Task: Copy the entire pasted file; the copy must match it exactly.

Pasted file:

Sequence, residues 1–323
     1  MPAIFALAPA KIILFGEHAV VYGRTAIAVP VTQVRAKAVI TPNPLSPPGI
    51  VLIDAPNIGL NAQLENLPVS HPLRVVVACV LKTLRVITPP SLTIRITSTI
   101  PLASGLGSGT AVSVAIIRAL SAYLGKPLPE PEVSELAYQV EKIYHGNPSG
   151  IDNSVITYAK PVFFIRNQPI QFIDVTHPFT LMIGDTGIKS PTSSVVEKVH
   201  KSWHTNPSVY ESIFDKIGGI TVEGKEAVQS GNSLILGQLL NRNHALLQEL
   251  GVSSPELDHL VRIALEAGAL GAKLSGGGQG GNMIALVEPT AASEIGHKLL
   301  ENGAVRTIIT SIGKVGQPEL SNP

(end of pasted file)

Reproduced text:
Sequence, residues 1–323
     1  MPAIFALAPA KIILFGEHAV VYGRTAIAVP VTQVRAKAVI TPNPLSPPGI
    51  VLIDAPNIGL NAQLENLPVS HPLRVVVACV LKTLRVITPP SLTIRITSTI
   101  PLASGLGSGT AVSVAIIRAL SAYLGKPLPE PEVSELAYQV EKIYHGNPSG
   151  IDNSVITYAK PVFFIRNQPI QFIDVTHPFT LMIGDTGIKS PTSSVVEKVH
   201  KSWHTNPSVY ESIFDKIGGI TVEGKEAVQS GNSLILGQLL NRNHALLQEL
   251  GVSSPELDHL VRIALEAGAL GAKLSGGGQG GNMIALVEPT AASEIGHKLL
   301  ENGAVRTIIT SIGKVGQPEL SNP